Nationality or citizenship?

There is no image that symbolises nationalism than the flag
By Engin Isin · 14 July 2010
There is no image that symbolises nationalism than the flag

There is no image that symbolizes nationalism more poignantly than the flag. In this photograph I took in Toronto during the 2002 World Cup a number of fans were celebrating the victory of their ‘nation’. There has been so much discussion about whether nationality is an immutable identity or an identity that is internalized and enacted. Those who believe that nationality (or nationalism) fulfills a human desire for belonging are as misguided are those who believe that nationalism is a flickering phenomenon. Untangling citizenship from nationality requires approaching political subjectivity in a different way that is both historical and social. How nationality came to be tangled up with each other is fairly well known. Why it persists is also quite well known. What is less straightforward is how to disentangle them.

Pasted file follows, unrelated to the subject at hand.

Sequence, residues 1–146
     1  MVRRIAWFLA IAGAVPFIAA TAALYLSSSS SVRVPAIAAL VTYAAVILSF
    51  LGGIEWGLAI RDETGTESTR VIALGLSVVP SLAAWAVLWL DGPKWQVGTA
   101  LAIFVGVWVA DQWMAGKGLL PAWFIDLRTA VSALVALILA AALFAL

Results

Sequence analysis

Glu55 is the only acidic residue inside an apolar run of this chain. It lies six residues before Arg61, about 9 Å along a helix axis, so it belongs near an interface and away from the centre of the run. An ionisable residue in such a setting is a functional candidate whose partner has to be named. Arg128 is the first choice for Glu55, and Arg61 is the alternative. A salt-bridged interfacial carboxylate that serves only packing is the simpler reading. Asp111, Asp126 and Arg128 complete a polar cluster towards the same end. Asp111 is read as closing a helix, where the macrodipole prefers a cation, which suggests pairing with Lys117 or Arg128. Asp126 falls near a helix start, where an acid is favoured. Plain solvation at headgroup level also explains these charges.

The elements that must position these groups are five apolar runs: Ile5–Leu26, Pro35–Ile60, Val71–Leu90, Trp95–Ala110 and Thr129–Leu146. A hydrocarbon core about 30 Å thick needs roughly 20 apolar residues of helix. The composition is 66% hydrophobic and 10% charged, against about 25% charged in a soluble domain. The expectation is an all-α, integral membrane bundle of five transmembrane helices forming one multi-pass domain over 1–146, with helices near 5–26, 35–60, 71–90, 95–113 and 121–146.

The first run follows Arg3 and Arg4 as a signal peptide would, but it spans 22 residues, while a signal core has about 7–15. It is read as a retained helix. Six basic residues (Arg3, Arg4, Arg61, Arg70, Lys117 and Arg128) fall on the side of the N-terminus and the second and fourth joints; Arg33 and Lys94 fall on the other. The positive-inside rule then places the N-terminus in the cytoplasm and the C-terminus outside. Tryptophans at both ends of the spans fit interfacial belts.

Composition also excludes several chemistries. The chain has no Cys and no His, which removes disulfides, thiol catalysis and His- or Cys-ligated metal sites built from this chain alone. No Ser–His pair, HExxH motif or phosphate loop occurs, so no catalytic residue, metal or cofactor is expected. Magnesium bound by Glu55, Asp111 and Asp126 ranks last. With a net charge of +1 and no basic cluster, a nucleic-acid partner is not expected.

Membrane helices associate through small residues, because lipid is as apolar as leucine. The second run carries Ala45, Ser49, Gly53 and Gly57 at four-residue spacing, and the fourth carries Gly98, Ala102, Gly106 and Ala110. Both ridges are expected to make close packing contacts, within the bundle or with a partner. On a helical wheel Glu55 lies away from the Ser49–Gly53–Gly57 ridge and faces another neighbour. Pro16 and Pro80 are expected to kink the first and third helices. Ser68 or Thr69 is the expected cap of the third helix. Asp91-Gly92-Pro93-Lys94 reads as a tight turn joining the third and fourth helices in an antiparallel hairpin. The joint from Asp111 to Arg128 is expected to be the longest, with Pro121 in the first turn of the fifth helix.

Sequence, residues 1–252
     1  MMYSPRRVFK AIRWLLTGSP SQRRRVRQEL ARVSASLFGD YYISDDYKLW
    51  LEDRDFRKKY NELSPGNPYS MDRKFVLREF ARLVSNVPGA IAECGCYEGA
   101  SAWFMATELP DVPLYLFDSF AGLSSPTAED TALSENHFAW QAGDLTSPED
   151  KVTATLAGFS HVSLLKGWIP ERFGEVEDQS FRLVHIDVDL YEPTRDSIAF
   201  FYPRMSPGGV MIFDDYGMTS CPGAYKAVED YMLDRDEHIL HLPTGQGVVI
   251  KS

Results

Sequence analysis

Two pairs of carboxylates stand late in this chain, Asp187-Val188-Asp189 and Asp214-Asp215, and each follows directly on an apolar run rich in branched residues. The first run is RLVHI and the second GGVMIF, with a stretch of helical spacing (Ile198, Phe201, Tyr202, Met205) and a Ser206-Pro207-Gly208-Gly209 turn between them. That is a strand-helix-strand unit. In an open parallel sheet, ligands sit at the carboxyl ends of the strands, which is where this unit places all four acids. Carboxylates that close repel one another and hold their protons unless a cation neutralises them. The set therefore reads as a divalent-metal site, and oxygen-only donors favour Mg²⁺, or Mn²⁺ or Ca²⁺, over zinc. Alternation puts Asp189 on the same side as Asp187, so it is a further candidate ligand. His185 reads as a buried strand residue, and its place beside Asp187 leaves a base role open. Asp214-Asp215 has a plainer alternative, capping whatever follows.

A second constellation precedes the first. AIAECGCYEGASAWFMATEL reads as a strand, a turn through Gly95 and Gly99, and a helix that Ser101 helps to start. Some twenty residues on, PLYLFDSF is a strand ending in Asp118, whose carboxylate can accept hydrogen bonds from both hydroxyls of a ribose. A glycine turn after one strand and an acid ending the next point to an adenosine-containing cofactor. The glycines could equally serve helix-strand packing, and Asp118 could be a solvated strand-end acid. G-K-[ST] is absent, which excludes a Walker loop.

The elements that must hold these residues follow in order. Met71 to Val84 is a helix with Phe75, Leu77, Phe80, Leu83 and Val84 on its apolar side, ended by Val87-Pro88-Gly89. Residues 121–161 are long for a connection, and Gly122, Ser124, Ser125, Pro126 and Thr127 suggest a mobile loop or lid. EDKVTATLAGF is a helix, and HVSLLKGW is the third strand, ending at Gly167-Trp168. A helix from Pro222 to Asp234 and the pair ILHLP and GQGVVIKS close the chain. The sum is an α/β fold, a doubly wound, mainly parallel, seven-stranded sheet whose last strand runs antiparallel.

About the author

  • Engin Isin

    Principal Investigator
    Engin Isin
    The Open University
    Prof Engin Isin holds a Chair in Citizenship and is Professor of Politics in Politics and International Studies (POLIS) at the Faculty of Social Sciences, The Open University. He is also a past... Read more

Oecumene: Citizenship after Orientalism is funded by an European Research Council (ERC) Advanced Grant (Institutions, values, beliefs and behaviour ERC-AG-SH2).

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